Disney’s animated classic, The Lion King, was a test project for the famed film studio, according to one of its directors. The Lion King itself is as interesting as the history behind the project, which was tagged as a “B-type” production back when it in development, more than two decades ago. At the time, many veteran Disney artists opted to work on the more appealing and formulaic Pocahontas instead, leaving the studio’s newbies to lead the charge on The Lion King. The end result, however, surprised everyone as the all-animal film set box office records and most importantly, continued Disney’s long tradition of coming out with timeless animated stories.
Regarded as one of the best in terms of animated films, The Lion King‘s story was unique amidst other Disney hits. It does not have a single human character, which prompted the filmmakers to work extra hard to make sure the movie explores complex and grounded emotions through its narrative. Fortunately, the film worked quite well in that respect; be it Rafiki’s words of wisdom or seeing Simba’s exile and eventual return to Pride Rock, people related to the story. Still, one of the most impactful plot points in the film is the gut-wrenching death of Mufasa, which co-director Rob Minkoff has now revealed was a controversial decision, back when The Lion King was in production.
Sitting down with Collider in light of The Lion King‘s special re-release in digital HD and on Blu-ray, the movie’s co-director talked about why elements such as Mufasa’s death made the project an “experiment” back in the 1990s:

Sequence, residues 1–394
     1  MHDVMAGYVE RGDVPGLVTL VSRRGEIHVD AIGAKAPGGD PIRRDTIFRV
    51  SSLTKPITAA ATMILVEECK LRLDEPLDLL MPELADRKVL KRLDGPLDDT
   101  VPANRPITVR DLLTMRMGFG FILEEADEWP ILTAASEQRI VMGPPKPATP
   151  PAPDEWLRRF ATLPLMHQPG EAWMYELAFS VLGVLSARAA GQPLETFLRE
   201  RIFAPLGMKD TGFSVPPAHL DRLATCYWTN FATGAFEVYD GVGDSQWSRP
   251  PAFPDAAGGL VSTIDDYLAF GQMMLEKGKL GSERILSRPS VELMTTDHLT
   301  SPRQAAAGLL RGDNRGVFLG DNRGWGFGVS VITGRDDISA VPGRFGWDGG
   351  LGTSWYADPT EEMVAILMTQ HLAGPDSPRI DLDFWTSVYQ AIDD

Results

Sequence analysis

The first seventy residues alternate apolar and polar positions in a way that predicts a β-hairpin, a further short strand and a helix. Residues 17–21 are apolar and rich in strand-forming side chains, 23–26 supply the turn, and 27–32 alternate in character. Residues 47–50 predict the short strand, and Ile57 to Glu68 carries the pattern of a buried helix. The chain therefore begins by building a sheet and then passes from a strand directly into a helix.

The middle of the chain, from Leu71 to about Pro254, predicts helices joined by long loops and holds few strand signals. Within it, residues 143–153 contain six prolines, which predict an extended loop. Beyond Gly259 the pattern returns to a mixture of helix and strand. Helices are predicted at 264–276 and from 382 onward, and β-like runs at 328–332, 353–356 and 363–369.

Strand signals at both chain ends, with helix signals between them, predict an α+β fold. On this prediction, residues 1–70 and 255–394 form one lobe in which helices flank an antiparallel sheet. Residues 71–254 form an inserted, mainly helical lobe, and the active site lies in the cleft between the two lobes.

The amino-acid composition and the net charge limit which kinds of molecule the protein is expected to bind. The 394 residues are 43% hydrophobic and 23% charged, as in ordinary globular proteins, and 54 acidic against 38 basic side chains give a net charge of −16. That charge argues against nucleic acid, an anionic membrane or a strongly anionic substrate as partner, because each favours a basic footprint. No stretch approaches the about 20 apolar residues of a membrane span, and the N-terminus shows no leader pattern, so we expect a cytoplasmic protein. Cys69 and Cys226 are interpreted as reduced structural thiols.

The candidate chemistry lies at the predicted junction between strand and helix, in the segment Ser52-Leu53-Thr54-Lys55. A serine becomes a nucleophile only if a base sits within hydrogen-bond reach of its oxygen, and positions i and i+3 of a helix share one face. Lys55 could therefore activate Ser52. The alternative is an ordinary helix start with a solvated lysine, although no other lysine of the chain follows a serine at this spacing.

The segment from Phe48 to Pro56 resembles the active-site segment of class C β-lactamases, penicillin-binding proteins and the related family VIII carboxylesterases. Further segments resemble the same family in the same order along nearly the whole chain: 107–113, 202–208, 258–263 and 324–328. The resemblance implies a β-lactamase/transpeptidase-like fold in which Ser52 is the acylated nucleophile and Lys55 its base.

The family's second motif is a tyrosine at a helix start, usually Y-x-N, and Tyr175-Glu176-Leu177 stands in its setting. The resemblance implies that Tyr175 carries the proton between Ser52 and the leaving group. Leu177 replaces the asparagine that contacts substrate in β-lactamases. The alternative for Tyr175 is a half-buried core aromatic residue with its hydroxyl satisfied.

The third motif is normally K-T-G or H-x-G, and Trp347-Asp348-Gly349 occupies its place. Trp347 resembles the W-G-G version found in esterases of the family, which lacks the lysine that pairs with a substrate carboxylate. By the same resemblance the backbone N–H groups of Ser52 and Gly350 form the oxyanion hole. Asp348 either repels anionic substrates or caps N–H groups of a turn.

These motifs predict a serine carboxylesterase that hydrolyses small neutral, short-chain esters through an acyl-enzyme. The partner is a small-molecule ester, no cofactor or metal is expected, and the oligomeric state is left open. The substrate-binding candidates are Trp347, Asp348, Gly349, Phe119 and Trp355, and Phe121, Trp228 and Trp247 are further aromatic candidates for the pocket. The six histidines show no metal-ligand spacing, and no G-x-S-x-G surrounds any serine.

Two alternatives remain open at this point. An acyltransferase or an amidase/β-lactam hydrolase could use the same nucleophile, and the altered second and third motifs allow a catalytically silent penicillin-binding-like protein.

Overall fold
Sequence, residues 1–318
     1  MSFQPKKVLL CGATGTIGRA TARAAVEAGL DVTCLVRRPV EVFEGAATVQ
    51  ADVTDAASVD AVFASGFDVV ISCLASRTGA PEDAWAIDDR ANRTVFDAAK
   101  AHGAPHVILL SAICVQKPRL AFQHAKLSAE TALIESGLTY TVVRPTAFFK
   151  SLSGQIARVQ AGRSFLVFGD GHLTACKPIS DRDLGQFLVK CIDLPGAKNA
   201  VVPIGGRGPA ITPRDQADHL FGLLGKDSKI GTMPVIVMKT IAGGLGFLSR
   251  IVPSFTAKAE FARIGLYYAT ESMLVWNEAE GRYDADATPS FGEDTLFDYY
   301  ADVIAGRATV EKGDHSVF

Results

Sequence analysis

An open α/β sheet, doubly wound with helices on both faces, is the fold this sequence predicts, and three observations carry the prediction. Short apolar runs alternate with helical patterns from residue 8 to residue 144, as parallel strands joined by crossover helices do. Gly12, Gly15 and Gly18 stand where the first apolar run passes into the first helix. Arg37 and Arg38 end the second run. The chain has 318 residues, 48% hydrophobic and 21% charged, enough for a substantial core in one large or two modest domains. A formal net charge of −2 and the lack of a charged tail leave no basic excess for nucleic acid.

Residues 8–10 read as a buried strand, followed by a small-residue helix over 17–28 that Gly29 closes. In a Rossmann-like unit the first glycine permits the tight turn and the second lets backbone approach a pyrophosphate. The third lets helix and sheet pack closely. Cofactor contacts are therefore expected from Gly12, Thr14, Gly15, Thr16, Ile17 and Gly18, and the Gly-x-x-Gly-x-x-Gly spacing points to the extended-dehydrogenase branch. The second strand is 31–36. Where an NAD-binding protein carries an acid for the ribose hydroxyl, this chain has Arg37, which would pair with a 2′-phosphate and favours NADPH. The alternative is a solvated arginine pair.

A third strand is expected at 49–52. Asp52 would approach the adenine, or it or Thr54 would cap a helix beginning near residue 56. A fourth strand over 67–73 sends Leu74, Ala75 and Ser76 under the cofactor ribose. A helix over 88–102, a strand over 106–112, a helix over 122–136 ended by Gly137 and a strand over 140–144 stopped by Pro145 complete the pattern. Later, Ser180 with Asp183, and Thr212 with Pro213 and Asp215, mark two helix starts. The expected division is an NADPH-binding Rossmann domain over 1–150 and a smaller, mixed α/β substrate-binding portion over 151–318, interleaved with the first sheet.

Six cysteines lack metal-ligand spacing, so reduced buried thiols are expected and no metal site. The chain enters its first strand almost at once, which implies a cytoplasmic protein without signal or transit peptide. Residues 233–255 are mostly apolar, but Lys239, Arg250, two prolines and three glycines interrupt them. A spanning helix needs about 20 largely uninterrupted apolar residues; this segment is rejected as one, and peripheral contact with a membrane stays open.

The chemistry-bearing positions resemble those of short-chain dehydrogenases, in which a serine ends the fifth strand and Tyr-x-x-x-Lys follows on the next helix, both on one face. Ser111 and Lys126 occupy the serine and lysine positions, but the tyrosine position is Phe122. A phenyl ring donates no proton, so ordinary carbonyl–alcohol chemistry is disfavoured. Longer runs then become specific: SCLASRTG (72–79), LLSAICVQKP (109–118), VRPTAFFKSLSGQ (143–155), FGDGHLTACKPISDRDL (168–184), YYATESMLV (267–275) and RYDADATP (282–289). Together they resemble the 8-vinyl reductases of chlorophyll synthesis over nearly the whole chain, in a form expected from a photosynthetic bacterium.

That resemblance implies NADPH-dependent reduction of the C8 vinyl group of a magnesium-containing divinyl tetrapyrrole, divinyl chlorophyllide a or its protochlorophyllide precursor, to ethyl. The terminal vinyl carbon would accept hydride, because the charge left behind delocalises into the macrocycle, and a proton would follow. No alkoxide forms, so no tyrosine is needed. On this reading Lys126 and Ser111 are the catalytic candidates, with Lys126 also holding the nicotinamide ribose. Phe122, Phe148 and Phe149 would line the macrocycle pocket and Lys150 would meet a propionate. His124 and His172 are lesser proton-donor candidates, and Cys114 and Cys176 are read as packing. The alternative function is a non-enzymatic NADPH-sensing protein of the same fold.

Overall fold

“It’s a studio institution, right? Because it’s not just a movie, it’s the Broadway stage show, it’s the sequels, and the new TV series… It goes on and on. So it’s interesting. One of the things [Lion King remake director Jon Favreau] said, which I found really fascinating, he said to me, “If we made this movie for the first time today, the studio never would have let us kill Mufasa the way we did.” Because it’s not in the first reel.”
“So in a movie like Finding Nemo, mom gets killed, but it happens in the first scene, and then it becomes kind of a prologue, but we don’t have any emotional attachment. To actually kill as important a character as Mufasa is, in the middle of the movie, I mean literally in the third reel, is not typical. It’s just not what you do. You don’t necessarily do that. So we had, not by design, but by the fact that it wasn’t based on something, and it was kind of an original story, and nobody knew what the rules were. So we said, ‘Well, I guess we’ll try.’”
Mufasa’s death is arguably one of the saddest Disney animated film moments ever. However, his tragic demise and the events that followed allowed The Lion King to tap into human emotions without including any actual human characters. Had Minkoff and his co-director Roger Allers decided to take that sequence out on the film, it is very likely that it would not have had the same emotional resonance that it had and still has with people, to this date.
The iconic death scene and the rest of The Lion King will return to the big screen in 2019, this time with Jon Favreau’s CGI re-imagining of the classic tale. Donald Glover is tapped to play Simba, while Billy Eichner is voicing Timon, Seth Rogen is voicing Pumbaa, John Oliver is voicing Zazu and Chiwetel Ejiofor is voicing Scar. Meanwhile, James Earl Jones is set to reprise his role as Mufasa in Favreau’s retelling.
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